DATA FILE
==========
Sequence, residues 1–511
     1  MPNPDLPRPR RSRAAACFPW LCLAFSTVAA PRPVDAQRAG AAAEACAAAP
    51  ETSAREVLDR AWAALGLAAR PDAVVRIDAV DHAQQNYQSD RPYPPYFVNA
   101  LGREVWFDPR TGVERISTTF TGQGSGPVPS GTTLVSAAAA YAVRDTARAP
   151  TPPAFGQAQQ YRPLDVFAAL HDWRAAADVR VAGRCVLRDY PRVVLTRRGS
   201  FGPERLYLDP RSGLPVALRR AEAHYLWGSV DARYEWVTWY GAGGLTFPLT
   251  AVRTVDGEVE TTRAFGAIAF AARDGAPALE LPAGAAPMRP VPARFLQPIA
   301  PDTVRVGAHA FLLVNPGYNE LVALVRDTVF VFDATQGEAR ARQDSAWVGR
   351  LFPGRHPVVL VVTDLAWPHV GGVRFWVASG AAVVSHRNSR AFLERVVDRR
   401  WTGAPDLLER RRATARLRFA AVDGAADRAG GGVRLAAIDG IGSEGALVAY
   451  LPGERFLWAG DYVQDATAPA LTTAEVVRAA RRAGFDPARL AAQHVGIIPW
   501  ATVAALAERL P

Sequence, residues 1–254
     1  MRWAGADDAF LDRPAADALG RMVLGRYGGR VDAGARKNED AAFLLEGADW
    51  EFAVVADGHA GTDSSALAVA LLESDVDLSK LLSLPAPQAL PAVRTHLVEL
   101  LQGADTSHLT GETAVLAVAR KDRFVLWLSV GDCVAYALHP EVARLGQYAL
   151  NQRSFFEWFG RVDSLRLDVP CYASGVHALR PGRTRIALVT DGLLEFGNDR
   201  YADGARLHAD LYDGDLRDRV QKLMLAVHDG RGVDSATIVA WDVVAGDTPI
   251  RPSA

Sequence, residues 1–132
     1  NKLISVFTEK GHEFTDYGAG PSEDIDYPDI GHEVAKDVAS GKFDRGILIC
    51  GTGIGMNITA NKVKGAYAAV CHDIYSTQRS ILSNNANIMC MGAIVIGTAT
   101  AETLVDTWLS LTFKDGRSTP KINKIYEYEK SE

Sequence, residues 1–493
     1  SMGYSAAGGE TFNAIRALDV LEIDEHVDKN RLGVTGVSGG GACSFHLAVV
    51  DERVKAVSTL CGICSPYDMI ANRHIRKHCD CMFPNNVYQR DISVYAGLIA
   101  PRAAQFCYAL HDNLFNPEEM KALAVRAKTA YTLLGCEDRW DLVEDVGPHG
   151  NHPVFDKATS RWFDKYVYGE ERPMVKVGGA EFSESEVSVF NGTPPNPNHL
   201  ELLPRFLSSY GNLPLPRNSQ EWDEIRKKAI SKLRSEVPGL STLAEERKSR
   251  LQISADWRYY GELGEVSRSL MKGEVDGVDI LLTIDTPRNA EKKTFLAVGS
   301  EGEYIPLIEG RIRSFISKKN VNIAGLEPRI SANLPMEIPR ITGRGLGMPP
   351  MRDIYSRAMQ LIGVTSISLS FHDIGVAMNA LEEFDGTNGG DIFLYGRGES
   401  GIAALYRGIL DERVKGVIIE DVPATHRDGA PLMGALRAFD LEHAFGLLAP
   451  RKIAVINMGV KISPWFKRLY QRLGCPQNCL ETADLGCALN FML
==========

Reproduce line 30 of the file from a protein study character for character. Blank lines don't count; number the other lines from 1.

   251  LQISADWRYY GELGEVSRSL MKGEVDGVDI LLTIDTPRNA EKKTFLAVGS